Research conducted by:
RAND Justice, Infrastructure, and Environment
Journal Articles (9)
In examining the socioeconomic benefits of HIV antiretroviral therapy (ART) in Uganda, researchers find that ART helps alleviate the food insecurity of adults with HIV, which in turn may improve ART outcomes.
The authors study the short- and long-run body weight consequences of changing food prices, in the Health and Retirement Study (HRS).
Restrictions on fast-food chain restaurants in South Los Angeles are not addressing the main differences between neighborhood food environments and are unlikely to improve the diet of residents or reduce obesity.
The availability of energy-dense snack foods in grocery stores plays a role in the weight status of neighborhood residents.
This paper reviews documented changes in the food environment, changes in the physical activity environment and the mechanisms through which people respond to these environments, often without conscious awareness or control.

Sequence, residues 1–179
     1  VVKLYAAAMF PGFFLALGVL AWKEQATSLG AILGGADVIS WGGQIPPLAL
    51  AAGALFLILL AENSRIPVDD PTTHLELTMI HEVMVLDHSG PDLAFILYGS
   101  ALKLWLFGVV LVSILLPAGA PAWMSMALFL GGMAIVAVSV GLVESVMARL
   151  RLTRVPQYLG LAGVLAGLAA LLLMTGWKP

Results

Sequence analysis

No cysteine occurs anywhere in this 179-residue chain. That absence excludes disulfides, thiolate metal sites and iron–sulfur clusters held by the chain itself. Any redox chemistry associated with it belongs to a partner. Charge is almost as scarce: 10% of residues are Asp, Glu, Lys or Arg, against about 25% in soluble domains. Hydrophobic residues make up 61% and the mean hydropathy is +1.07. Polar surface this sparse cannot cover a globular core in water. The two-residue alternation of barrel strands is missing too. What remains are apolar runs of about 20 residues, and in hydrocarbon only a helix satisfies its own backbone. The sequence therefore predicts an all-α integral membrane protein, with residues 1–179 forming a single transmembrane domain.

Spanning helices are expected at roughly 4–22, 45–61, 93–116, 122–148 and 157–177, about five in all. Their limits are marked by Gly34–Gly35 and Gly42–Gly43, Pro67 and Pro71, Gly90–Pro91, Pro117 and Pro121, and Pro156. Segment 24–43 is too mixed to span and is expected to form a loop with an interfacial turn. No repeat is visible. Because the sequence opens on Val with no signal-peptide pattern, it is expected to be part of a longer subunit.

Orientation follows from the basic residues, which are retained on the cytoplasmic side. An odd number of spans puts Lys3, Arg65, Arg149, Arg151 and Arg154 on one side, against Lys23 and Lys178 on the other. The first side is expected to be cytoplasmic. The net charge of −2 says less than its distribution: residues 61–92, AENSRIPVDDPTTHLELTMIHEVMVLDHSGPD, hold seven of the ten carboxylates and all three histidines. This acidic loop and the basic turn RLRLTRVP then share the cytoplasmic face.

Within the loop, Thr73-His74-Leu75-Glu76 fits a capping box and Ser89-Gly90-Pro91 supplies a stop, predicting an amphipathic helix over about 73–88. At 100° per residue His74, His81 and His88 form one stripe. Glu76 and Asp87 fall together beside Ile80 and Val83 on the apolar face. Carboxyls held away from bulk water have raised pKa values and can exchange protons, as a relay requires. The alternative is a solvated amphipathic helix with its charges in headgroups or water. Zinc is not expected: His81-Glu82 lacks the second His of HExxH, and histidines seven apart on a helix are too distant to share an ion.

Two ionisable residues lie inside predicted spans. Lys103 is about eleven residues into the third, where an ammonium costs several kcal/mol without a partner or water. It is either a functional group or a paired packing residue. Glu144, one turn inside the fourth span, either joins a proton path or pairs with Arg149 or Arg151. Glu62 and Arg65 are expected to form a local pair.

Childhood overweight has increased rapidly over the last two decades. Energy-dense foods are cheaper per calorie, which could be a partial explanation for why the highest rates of obesity are observed among groups of limited economic means.
Hispanic youth are likely to attend schools surrounded by convenience stores, restaurants, or off-licenses. Middle schools have fewer surrounding businesses than high schools, and larger schools have fewer surrounding businesses than smaller schools.
Indigenous children in school shelters in Mexico suffer from anemia in spite of food that is subsidized, prepared, and served to them.
Discusses the Impact of a major act of agricultural bio-terrorism in the United States.